- The Washington Times - Sunday, July 9, 2006

The World Cup might be ending today, and your team might not be — in fact, it probably isn’t — in the final. But there’s no reason you can’t change that and perhaps continue to enjoy the tournament until qualifying begins anew for South Africa 2010 in a few years.

EA Sports’ 2006 FIFA World Cup allows you to take a team all the way to today’s World Cup final. And not just one of the 32 teams that made this year’s field. The game spans all six international zones and both rounds of qualifying, meaning you can use any of the 120 or so teams that tried to make it to Germany.

It also allows you to pick your active roster from a pool of about 40 players; the United States, for instance, includes D.C. United’s Freddy Adu.

That’s a major difference from past World Cup games like EA Sports’ 2002 version or last year’s walkup game, neither of which featured more than 32 teams. And luckily it’s not the only change from many of EA’s soccer efforts, which have tended to be both sluggish and frustrating. Soccer isn’t a sport of much scoring, but at least it has to be a possibility.

And FIFA World Cup makes it so with surprisingly fluid and realistic play. You can slowly build your attack through precision passes, or one of your players can try a solo run at net. Or, for those with less patience, a quick counterattack started with a through pass often can spring a speedy striker.

Better yet, when you do get a prime scoring chance, you actually can finish it.

Whereas holding down the shoot button still will put the ball high and hard over the net, a simple tap won’t produce a squib as it does in some soccer games. That means you still can get some power when you need to get off a quick shot. In other words, more often than not your opponent won’t wind up with a clean sheet.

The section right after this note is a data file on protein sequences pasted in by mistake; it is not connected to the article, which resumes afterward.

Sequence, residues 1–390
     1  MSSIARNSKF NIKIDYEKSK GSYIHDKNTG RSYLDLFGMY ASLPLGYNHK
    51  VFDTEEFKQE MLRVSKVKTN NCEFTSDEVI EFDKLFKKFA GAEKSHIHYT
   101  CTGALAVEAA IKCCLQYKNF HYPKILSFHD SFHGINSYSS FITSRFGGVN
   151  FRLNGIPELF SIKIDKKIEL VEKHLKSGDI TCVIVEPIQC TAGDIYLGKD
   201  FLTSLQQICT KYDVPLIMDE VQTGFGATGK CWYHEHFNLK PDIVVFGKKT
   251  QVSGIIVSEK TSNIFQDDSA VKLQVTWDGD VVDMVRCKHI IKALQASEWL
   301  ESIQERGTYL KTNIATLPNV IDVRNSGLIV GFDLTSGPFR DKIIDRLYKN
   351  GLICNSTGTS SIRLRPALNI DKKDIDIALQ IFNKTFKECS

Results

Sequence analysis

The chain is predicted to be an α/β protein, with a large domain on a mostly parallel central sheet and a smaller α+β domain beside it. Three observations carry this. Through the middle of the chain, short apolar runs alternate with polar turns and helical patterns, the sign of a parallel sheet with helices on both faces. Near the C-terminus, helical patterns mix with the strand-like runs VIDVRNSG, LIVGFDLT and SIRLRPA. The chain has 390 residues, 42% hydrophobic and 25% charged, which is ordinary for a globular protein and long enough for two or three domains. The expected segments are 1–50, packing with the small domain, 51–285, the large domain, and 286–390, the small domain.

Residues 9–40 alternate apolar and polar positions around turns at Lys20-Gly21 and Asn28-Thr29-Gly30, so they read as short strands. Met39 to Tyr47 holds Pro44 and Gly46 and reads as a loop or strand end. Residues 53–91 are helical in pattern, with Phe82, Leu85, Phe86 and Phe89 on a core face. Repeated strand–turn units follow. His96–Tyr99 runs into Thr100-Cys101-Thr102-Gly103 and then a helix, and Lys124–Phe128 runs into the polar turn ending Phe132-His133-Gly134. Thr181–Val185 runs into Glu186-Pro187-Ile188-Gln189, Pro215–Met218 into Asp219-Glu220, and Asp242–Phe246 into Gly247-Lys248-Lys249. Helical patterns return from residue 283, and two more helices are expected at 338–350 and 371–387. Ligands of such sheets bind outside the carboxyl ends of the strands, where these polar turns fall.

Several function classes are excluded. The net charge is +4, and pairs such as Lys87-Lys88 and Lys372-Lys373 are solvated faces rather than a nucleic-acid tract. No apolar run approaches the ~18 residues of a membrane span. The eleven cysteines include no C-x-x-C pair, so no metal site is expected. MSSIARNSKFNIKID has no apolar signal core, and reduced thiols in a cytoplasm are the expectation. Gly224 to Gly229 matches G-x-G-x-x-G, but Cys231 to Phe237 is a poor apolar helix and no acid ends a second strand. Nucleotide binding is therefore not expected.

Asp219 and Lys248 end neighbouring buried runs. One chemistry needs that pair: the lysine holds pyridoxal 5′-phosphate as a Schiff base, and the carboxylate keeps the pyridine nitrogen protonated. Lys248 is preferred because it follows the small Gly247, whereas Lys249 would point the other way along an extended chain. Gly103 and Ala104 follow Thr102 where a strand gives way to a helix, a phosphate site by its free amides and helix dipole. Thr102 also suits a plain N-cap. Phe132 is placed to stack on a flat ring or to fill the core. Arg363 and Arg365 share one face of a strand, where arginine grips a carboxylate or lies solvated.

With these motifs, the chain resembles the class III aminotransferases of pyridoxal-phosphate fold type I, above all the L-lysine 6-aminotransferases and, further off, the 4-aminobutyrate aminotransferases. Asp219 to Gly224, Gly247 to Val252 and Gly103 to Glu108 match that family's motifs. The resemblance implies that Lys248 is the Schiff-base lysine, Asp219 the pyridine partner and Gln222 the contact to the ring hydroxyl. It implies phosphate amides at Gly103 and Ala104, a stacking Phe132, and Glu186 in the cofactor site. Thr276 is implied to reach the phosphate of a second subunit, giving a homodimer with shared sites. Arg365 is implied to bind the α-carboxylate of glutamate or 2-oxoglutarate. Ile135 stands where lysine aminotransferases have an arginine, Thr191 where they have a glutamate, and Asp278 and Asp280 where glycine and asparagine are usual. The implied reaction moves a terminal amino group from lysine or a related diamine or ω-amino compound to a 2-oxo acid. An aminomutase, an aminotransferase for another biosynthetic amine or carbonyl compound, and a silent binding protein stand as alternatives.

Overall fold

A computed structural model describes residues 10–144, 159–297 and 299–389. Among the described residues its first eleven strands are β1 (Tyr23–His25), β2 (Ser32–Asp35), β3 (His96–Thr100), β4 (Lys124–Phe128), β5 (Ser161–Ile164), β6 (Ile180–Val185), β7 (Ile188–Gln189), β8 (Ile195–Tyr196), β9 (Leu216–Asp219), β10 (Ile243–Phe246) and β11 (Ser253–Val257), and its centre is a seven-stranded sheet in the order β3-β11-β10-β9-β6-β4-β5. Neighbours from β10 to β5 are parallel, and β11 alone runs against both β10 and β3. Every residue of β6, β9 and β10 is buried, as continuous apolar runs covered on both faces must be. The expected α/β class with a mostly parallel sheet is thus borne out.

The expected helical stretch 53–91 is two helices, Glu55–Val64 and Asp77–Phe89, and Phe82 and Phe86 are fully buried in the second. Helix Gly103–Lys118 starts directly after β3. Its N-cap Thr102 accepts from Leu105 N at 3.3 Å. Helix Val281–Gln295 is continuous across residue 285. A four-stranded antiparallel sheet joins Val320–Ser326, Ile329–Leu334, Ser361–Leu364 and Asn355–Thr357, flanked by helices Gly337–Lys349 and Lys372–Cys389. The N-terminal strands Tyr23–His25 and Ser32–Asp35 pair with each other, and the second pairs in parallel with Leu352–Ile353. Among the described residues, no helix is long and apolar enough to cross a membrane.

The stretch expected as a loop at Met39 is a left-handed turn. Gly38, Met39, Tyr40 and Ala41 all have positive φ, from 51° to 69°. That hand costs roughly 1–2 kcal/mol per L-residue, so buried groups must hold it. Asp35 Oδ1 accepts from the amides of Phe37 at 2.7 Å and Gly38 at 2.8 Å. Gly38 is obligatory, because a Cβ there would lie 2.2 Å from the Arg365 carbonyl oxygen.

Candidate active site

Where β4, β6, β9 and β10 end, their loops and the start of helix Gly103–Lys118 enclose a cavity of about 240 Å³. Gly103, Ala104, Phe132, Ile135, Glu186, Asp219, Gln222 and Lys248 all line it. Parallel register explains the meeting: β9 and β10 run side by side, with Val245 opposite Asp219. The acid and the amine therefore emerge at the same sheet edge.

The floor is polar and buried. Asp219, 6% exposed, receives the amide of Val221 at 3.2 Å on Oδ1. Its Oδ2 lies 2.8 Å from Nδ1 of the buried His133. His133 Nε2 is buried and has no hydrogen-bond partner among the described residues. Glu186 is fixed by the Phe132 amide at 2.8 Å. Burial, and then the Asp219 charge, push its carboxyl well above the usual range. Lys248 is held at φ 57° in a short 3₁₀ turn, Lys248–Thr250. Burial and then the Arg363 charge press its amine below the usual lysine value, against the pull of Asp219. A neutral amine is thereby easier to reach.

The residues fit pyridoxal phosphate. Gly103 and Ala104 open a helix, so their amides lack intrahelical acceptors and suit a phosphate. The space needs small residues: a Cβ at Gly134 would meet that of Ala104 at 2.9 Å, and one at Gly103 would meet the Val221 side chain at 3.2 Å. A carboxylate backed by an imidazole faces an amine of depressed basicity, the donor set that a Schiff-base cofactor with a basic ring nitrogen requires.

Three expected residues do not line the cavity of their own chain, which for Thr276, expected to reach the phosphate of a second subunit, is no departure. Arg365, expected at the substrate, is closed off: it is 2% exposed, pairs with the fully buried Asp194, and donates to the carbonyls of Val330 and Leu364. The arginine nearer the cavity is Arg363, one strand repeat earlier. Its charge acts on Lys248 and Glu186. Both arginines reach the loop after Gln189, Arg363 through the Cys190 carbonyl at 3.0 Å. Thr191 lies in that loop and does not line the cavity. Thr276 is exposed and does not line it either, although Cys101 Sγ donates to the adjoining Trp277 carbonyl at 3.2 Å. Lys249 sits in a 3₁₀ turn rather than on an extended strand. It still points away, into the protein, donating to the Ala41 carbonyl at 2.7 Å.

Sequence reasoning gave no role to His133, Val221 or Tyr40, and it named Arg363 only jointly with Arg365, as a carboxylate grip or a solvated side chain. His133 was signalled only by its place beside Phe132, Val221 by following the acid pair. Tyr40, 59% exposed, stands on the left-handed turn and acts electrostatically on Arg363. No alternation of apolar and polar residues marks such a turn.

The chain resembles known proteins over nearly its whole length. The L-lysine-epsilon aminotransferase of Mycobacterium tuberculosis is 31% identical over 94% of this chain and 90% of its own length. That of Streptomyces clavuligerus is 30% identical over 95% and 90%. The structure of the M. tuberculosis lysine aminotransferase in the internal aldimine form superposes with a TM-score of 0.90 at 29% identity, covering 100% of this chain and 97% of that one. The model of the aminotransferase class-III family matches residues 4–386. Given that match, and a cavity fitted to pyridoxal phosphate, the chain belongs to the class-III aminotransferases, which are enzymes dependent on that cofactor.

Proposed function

There’s only one major negative here as far as game play, and it can be aggravating: switching players when you don’t have the ball. As is the case in many soccer games, the game itself at times will change the player you are controlling, even if you don’t command it. More often than not, you will wind up using the player who stands between your opponent and the net rather than the closest player, even if there’s another member of your squad near enough to attempt a tackle. And when that happens close to your net, it can cause you to move out of position and put your keeper in danger.

Not that your keeper isn’t facing danger often anyway against the greatest players on the greatest stage. EA does a great job of portraying the grandeur of the event, from the flags and confetti in the stands to the wonderfully recreated stadiums throughout Germany and around the world. One qualification game in Mexico’s three-ringed Azteca Stadium and you never wonder again why the United States has had so little success there.

However, the game’s biggest asset also is its biggest limitation. By virtue of a strict focus on the tournament, 2006 FIFA World Cup doesn’t have incredible replay value.

And unlike many sports games, there’s no franchise-type mode; once this World Cup ends, you can’t build toward the next one. Still, for anyone who can’t wait for South Africa 2010, this might help tide you over.

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